So in the afternoon after our first zakka sewing class, I made not one but two new skirts for Miss M.  The pattern was a circle skirt from a Japanese craft book called Everyday Girl’s Clothes by Yuki Katakura (まいにち着る女の子の服).  

 

 

 

 

 

 

 

 

 

 

 

 

 

 

 

 

 

 

 

 

 

The pattern had one seam pocket.  I had never made seam pockets before (or a circle skirt, for that matter), but it seemed simple enough.  I thought Miss M would probably want two pockets, not just one.

First I made a pink skirt, with white polka dots, with green floral fabric as the waist band and the pocket lining.  Very girly! It made me sad how much of the expensive fabric the pattern required, but it’s all right.  It was for my special girl.

 

 

 

 

 

 

 

 

 

 

 

 

 

 

 

 

 

 

 

 

 

The only thing about this skirt I wasn’t sure about was that the fabric was medium-weight cotton linen blend.  It was a little on the heavy side for a circle skirt.

Since I had some time left before the kids returned from daycare, I made another one, this time in a more lightweight cotton linen fabric.  I used black and white check print for both the skirt body and the waist band.  I had doubts as to whether Miss M would wear a  black skirt, so I made the lining of the seam pockets bright pink – not that you can see much of it when wearing it.  It almost looks cuter turned inside out.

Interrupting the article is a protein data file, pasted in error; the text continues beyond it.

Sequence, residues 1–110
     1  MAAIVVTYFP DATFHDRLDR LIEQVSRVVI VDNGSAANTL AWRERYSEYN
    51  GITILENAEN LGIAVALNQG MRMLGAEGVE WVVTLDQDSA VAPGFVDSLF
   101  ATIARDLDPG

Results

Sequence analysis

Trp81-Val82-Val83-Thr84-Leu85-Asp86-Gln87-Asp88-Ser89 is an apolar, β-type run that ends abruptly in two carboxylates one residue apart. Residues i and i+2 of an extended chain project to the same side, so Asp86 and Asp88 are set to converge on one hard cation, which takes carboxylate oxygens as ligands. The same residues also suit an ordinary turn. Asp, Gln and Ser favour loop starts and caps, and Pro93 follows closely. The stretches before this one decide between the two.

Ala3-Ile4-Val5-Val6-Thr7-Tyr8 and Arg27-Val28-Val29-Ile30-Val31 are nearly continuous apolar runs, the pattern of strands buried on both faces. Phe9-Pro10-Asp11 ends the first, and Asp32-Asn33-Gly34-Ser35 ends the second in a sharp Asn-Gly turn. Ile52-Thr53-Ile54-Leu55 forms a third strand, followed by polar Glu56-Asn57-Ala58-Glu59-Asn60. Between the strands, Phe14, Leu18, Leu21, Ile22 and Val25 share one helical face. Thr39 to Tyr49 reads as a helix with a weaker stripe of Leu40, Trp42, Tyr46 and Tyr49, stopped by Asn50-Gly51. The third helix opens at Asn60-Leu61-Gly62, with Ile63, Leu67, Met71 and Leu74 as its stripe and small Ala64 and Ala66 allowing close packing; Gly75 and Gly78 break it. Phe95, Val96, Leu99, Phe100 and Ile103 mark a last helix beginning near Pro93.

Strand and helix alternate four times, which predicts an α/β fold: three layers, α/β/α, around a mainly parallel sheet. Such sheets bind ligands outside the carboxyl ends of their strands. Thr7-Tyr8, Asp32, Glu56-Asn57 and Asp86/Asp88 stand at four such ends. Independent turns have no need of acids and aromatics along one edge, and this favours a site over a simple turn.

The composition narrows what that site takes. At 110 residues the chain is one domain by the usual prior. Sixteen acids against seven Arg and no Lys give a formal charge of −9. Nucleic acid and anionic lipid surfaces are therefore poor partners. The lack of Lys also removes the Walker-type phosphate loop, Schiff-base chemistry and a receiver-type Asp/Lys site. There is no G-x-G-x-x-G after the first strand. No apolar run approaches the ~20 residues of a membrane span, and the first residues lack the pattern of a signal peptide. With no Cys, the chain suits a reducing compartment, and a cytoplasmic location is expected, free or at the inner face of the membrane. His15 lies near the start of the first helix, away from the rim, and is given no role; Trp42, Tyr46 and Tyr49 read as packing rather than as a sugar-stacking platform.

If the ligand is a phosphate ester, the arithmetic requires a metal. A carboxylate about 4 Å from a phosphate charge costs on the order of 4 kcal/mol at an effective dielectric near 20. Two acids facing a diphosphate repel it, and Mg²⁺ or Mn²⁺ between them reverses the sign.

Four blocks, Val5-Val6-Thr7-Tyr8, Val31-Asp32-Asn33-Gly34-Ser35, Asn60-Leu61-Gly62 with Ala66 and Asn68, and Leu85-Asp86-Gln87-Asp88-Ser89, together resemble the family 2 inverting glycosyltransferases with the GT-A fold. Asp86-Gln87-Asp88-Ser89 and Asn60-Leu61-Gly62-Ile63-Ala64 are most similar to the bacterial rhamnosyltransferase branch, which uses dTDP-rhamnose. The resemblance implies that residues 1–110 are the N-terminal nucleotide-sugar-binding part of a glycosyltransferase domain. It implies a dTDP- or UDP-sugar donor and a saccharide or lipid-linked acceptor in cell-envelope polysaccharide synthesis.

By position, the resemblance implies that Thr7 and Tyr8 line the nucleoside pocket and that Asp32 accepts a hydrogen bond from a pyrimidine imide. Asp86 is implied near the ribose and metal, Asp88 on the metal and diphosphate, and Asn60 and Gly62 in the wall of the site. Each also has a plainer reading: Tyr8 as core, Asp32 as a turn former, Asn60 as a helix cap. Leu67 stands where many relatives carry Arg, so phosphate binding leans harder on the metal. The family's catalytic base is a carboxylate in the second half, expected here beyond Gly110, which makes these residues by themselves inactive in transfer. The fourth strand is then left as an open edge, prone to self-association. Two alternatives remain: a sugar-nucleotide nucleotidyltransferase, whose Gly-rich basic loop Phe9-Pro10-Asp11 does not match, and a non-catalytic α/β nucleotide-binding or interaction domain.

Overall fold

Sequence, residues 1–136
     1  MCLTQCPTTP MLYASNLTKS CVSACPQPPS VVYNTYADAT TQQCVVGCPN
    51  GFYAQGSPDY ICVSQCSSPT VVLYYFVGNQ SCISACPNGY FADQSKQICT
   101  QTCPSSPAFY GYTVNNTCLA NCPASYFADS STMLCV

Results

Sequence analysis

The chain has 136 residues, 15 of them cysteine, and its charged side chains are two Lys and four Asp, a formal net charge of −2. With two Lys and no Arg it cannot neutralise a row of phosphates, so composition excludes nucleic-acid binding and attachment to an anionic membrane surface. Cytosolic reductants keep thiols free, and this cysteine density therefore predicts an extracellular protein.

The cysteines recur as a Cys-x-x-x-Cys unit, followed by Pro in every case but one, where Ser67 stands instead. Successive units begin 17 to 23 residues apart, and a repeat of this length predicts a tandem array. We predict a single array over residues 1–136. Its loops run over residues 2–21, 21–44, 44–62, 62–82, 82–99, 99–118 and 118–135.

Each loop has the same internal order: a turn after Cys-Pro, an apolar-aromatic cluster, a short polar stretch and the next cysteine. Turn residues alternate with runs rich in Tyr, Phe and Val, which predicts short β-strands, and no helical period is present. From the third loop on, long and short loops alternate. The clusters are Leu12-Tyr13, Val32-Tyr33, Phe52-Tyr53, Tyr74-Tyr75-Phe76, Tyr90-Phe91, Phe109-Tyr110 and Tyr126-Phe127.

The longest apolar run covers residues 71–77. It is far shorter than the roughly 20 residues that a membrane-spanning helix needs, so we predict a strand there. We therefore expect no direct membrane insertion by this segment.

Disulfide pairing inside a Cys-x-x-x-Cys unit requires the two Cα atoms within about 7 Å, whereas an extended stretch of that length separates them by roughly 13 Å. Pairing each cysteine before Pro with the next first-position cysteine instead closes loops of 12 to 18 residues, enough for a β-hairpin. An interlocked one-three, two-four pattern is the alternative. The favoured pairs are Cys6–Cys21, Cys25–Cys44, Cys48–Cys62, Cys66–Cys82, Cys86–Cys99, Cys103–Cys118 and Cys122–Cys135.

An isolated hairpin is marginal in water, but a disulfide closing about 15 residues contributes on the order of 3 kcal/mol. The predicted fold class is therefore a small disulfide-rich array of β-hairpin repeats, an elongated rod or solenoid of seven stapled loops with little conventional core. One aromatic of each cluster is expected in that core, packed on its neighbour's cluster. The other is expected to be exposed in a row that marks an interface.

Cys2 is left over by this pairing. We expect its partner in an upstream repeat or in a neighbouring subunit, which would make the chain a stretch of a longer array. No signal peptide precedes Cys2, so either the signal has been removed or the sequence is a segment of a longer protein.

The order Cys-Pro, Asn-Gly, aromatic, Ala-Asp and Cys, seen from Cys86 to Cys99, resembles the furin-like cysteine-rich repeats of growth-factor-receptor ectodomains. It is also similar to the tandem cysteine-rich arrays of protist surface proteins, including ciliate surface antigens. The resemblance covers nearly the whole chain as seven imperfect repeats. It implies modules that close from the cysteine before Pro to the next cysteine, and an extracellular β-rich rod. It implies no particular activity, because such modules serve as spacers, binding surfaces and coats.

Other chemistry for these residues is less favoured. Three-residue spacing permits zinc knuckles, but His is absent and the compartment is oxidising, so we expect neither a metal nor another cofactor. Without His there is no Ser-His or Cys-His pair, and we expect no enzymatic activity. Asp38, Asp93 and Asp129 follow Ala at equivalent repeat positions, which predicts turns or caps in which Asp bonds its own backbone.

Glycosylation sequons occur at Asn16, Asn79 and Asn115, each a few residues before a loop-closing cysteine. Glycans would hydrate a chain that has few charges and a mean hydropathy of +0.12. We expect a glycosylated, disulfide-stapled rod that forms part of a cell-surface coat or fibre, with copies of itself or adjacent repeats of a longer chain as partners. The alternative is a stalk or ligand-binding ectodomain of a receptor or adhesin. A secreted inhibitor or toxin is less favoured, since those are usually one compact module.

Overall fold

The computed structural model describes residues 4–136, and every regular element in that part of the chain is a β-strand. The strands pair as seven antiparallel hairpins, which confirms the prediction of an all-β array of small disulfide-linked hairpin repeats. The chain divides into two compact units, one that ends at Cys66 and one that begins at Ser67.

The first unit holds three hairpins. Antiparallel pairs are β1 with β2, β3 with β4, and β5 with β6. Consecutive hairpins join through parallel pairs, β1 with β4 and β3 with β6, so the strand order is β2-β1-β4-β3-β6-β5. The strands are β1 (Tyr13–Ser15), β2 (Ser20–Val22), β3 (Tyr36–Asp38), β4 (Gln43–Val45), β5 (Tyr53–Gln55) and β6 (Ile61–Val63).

And Miss M’s verdict? She loved the black and white one.  She wore it for the next three days straight – so that was a big success.  The pink one though… she wouldn’t even try it on for a photo shoot… Why, why, why, I have no idea.  This just confirms my past experience that I could never predict know what my four year old would or would not like.  At least I got one out of two right.  Not too bad.